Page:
• Minimum Weekly Rest: 24 hours (uninterrupted) in each 7-day period during which the worker works for his/her employer. This weekly day of rest is also protected by Article 13 (2) of the Constitution of Malta.

The Right to Disconnect in practice

The case of Ville de Nivelles vs. Rudy Matzak[2] was based on the Working Time Directive, as quoted above. This case concerned the remuneration of services performed within the fire service of Ville de Nivelles in France. The Nivelles fire service brings together professional firefighters, as well as volunteer firefighters who are on stand-by. Mr. Matzak entered the fire-fighting team on the 1st of August 1980 and acquired the status of a volunteer firefighter in 1981. On the 16th December 2009, he brought proceedings requesting the town of Nivelles to pay him a sum of money, by way of damages and interest, for failure to pay remuneration particularly for stand-by services. On the 22nd March 2012, the Tribunal of Nivelles accepted the claim to a large extent, but the town of Nivelles appealed such a decision. In 2015, the referring court partially upheld the appeal. It was decided that under the terms of the contract, Mr. Matzak was required to live no more than 8 minutes travel from the fire station in normal traffic circumstances. Furthermore, Mr. Matzak pursued real and genuine activities under the direction of another person, whereby he received remuneration. Therefore, in accordance with Article 2 of Directive 2003/88, stand-by time spent at home must be regarded as working time.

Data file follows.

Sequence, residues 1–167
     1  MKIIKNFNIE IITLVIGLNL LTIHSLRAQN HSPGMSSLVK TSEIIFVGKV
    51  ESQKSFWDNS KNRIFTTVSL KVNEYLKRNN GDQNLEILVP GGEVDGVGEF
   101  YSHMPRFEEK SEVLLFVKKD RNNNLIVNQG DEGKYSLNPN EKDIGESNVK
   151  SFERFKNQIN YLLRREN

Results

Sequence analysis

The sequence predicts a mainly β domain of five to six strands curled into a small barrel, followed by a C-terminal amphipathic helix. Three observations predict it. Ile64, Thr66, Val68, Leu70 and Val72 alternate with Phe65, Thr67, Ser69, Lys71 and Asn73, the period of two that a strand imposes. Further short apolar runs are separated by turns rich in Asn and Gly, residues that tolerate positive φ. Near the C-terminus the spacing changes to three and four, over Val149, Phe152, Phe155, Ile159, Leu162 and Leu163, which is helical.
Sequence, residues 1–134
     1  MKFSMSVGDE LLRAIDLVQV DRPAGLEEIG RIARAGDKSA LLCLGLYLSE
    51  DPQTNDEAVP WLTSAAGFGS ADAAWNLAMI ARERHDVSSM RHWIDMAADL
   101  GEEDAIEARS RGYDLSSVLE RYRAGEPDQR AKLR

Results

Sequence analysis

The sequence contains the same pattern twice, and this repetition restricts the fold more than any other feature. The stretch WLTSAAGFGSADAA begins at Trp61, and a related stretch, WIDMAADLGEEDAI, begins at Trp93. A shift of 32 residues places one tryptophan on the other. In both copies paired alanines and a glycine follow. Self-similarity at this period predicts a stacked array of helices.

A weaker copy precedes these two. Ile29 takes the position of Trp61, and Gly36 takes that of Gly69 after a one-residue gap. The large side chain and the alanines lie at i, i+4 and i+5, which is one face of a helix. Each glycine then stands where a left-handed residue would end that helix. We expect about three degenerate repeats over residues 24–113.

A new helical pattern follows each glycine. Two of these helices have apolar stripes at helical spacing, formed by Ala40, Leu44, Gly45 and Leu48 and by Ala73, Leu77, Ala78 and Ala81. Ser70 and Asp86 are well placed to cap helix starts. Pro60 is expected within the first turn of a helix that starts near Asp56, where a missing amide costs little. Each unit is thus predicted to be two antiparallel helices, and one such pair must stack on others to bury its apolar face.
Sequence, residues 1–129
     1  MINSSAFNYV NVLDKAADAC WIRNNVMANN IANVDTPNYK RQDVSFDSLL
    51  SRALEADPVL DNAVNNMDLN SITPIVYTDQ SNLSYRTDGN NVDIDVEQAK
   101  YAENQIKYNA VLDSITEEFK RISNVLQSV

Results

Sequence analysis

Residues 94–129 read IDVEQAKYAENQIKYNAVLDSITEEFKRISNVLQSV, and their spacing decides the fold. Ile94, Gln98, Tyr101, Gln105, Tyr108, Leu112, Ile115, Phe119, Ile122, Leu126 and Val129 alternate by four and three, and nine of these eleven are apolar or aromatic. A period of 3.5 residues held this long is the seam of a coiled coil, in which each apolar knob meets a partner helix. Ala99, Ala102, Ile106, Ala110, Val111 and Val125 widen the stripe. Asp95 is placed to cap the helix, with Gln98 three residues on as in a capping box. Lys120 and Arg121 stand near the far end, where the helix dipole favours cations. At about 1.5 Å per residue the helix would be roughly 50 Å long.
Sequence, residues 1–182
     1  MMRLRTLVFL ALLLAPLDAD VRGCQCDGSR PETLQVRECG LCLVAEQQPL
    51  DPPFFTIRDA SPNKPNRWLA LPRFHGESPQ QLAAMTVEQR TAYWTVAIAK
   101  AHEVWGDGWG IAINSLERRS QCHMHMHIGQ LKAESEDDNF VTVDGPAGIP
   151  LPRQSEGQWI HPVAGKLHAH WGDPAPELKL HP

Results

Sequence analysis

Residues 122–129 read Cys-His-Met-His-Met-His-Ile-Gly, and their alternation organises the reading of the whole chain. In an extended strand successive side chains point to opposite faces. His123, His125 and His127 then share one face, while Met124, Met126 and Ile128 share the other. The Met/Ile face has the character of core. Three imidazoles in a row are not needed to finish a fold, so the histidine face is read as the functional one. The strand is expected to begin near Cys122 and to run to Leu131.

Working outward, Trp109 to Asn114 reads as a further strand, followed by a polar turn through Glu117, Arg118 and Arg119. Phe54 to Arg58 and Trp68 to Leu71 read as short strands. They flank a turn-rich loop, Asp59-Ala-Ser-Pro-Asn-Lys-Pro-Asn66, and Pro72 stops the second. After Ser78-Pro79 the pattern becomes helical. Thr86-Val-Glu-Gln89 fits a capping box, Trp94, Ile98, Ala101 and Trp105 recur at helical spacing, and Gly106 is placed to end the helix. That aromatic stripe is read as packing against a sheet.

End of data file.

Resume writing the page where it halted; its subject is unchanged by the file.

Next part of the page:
In the case of Federación de Servicios de Comisiones Obreras (CCOO) vs. Deutsche Bank SAE[3] a Spanish workers’ Union brought a group action before the National High Court of Spain against Deutsche Bank, seeking a judgement declaring the bank to be under an obligation to set up a system for recording the time worked each day by its members of staff, in order to make it possible to verify compliance with the stipulated working times and the obligation to provide union representatives with information on overtime worked each month. This was based on the Spanish Workers’ Statute. First of all, the CJEU noted that the right of every worker to a limitation of maximum working hours and to daily and weekly rest periods, not only constitutes an important rule of EU social law, but is also expressly enshrined in the EU Charter of Fundamental Rights and the Treaty of the European Union.

The Court noted that where there is no system enabling working time to be measured, a worker may, under Spanish procedural rules, rely on other sources of evidence, such as, inter alia, witness statements and the production of emails or the consultation of mobile phones or computers, in order to provide indications of a breach of such rights, thus bringing about a reversal of the burden of proof.

The decision of the Court was that according to the interpretation given to Directive 2003/88/EC in national case-law, the Directive does not require employers to set up a system enabling them to measure the duration of time worked each day by each worker.


On a concluding note, it is interesting to note that the first signs of the right to disconnect emerged in a decision issued by the Labour Chamber of the ‘Cour de Cassation’ (French Supreme Court) on the 2nd October 2001[4] where it was stated that

the employee is under no obligation either to accept working at home or to bring there his files and working tools”.

This decision was subsequently confirmed by a decision handed down in February 2014 by the Cour de Cassation that confirmed that “the fact that [the employee] was not reachable on his cell phone outside working hours cannot be considered as a misconduct[5].

It will definitely be interesting to see how the right to disconnect may become the new reality in 2021.

[1] Organisation of Working Time Regulations, Chapter 452.87 of the 5th April, 2004;

[2] C518/15 – Ville de Nivelles vs. Rudy Matzak  (21/02/2018);

[3] CJEU Case C-55/18 (14th May 2019);

[4] Labor Chamber of the Cour de Cassation, October 2, 2001 n°99-42.727;

[5] Labor Chamber of the Cour de Cassation, February 17, 2004 n°01-45.889;